Since I still have Mexican cuisine on the brain after the delicious culinary tour I hosted this past weekend, here’s another Mexican-inspired recipe to share. Tinga is a preparation style in Mexican cuisine that usually involves shredded pork or chicken that simmers in a sauce before serving as a filling. Instead of chicken or pork, I opted to use ground beef and made these Tinga Ground Beef Tacos. Seasoned ground beef is browned before pressure cooking in a flavorful sauce of stewed tomatoes and chipotle peppers in adobo sauce to create a filling for tacos…
This is a recipe on the spicy side but you are welcome to adjust the level of heat and spice by decreasing the amount of chipotle peppers in the adobo sauce used. For a more mild version, just use the adobo sauce. This is especially good as a filling for enchiladas, tex-mex lasagna, and burritos too! It’s a versatile filling you can incorporate in other recipes so give those a try if you’re not in the mood for tacos…
- 2 tablespoons olive oil
- 1 large onion, diced
- 2 pounds ground beef
- 1 tablespoon garlic powder
- 2 teaspoons ground black pepper
- 1 teaspoon kosher salt
- 1 (15 ounce) can stewed tomatoes
- 1 (7 ounce) can chipotle peppers in adobo sauce, or to taste
- 16 hard corn taco shells
- 1/2 cup sour cream
- 1/2 cup pico de gallo
- 1/4 cup shredded cheese
- 1/2 cup guacamole
In your Instant Pot:
- Plug in the IP with the insert set in place.
- Press MANUAL on the IP and add oil. When shimmering hot, add the onions and cook until softened and translucent.
- Add the ground beef, season with garlic powder, black pepper, and salt; cooking until slightly browned.
- Meanwhile, in a blender, puree the tomatoes, chipotle peppers and adobo sauce. Transfer the mixture to the pan once the beef has been browned.
- Add 1 cup of beef broth or water; stir.
- Secure the lid of the IP and ensure the valve is set to SEALING.
- Press MANUAL and adjust the time to 5 minutes on HIGH pressure.
- The display will reflect ON while the IP comes to pressure. Allow a few minutes for your IP to come to pressure.
- Once at pressure, the display will reflect 5 (the number of minutes you initially set) and will begin to count down to 0 minutes.
- When the IP beeps after pressure cooking for 5 minutes, turn the setting on top of your IP to VENTING. Doing so allows the IP to quickly release any remaining pressure (also known as QPR or QR). I use a wooden spoon to carefully turn the setting to avoid close contact with the potential steam. You may also want to turn your IP away from cabinets to allow the released steam to escape freely. The pin at the top of your IP will drop when all pressure has been released and it’s safe to open.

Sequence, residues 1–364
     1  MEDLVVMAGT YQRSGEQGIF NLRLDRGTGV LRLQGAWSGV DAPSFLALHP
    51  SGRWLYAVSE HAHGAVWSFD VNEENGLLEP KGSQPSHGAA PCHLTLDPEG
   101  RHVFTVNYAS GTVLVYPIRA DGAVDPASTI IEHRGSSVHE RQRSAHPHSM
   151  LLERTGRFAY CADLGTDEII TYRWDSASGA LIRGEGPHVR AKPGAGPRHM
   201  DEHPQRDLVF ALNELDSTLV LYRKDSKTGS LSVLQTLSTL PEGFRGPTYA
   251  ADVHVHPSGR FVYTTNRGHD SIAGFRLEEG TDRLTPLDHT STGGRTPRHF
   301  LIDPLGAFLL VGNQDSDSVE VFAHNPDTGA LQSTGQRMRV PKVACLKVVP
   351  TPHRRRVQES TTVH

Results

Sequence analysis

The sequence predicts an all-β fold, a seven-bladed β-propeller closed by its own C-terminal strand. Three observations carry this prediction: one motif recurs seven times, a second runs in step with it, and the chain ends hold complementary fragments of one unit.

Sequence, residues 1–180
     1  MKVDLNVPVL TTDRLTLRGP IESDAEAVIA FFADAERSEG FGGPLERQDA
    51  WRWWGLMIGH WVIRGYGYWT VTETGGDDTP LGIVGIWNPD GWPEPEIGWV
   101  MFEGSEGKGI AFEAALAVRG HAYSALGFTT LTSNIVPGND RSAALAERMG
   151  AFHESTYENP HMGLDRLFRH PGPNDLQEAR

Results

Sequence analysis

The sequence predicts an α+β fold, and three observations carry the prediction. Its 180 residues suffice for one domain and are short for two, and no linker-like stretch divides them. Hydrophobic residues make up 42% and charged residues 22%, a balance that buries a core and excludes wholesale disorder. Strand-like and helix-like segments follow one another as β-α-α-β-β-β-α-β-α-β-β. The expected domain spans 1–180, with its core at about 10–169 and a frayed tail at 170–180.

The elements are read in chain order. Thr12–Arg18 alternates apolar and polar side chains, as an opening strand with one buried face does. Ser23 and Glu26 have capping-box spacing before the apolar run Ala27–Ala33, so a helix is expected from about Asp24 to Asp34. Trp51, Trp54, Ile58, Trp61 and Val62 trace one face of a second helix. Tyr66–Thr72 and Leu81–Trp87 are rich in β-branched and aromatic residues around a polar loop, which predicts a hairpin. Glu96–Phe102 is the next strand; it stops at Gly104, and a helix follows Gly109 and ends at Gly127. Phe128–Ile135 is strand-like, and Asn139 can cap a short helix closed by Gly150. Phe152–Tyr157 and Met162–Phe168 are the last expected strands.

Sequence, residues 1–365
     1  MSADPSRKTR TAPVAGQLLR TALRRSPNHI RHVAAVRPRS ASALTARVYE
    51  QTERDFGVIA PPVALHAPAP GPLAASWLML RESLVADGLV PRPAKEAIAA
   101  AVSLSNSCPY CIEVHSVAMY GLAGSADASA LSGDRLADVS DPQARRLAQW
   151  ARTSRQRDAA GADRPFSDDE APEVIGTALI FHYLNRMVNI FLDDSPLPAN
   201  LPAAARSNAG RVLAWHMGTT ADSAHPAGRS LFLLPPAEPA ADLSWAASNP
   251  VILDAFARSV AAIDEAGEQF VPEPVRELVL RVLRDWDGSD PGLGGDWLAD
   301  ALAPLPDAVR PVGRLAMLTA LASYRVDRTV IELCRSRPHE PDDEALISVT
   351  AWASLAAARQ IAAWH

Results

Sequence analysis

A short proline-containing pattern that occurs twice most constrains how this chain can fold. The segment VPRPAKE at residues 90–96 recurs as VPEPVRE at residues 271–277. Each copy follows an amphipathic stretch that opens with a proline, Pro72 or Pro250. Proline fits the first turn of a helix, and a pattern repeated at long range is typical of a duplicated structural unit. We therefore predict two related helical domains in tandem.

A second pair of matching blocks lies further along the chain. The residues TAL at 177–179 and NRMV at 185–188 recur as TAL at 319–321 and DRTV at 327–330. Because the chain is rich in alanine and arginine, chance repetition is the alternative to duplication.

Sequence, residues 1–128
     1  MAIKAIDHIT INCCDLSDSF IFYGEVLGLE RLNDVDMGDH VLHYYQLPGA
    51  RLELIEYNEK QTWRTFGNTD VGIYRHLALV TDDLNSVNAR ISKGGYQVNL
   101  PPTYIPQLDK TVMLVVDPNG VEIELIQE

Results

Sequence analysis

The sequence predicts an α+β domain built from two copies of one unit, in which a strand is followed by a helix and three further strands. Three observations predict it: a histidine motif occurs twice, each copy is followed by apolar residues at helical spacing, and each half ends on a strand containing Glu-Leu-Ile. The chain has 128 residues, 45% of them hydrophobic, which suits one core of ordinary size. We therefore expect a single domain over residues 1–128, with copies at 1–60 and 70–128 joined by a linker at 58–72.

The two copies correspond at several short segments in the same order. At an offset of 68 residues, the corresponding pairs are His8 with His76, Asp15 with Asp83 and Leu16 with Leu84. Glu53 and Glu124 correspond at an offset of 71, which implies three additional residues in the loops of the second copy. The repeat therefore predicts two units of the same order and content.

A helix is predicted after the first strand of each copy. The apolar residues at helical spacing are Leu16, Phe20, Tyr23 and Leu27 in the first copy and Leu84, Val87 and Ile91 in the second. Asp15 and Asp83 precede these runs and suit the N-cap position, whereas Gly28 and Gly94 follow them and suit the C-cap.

- Open up your IP when the pin has dropped (allow a few minutes for this to happen). The IP will automatically default to the WARM mode.
- Press saute and allow the liquid to reduce slightly.
- To serve, mound the beef onto taco shells, and garnish with pico de gallo, cheese, a dollop of sour cream, and guacamole
- Prep Time: 30 minutes
- Cook Time: 5 minutes
Keywords: tinga de res, tinga beef tacos, beef tacos
What is Tinga de Res?
The History Behind the Dish
Originating in the heartlands of Puebla, Tinga de Res carries with it stories of families, Sunday lunches, and age-old traditions. It is said that the women of Puebla, looking to create a dish that was both hearty and flavorful, birthed this wonder.
Main Ingredients in Tinga de Res
At its core, Tinga is an artful blend of beef, tomatoes, onions, and the smoky goodness of chipotle peppers. But, like any art, its beauty lies in its nuances – the slow-cooked beef that melts in your mouth, the tang of the tomatoes juxtaposed with the kick of chipotle.
The Cultural Significance of Tinga
In many Mexican households, Tinga is more than a dish. It’s a part of celebrations, a comforting meal on a gloomy day, or a family recipe passed down through generations. It’s a testament to the enduring legacy of Mexican culinary traditions.
Serving Suggestions and Tips
- Best Accompaniments
While Tinga de Res is a star on its own, pairing it with the right accompaniments can elevate your meal. Think warm tortillas, a dollop of sour cream, or some fresh salsa. You could also go the traditional route and serve it with Mexican rice.
- Storage and Reheating
If you have leftovers (which we doubt you will), store in an airtight container in the fridge. When reheating, a skillet works best to retain the flavors.
Variations to the Traditional Recipe
Tinga is versatile. If beef isn’t your thing, go for chicken, pork, or even a vegetarian version with mushrooms or jackfruit.
A Glimpse into Puebla – The Home of Tinga
- Geographical Overview
Nestled among the mountains, Puebla is a city rich in history, culture, and of course, food. With its colonial architecture and vibrant streets, it’s a haven for travelers and food enthusiasts alike.
- Its Culinary Traditions
Puebla, often called the ‘Culinary Capital’ of Mexico, boasts of dishes like Mole Poblano and Chiles en Nogada, apart from our beloved Tinga.
Tinga’s Place in Modern Cuisine
From gourmet restaurants in New York to street food stalls in Melbourne, Tinga has made its mark. Its unique flavor profile makes it a favorite among chefs and food lovers globally.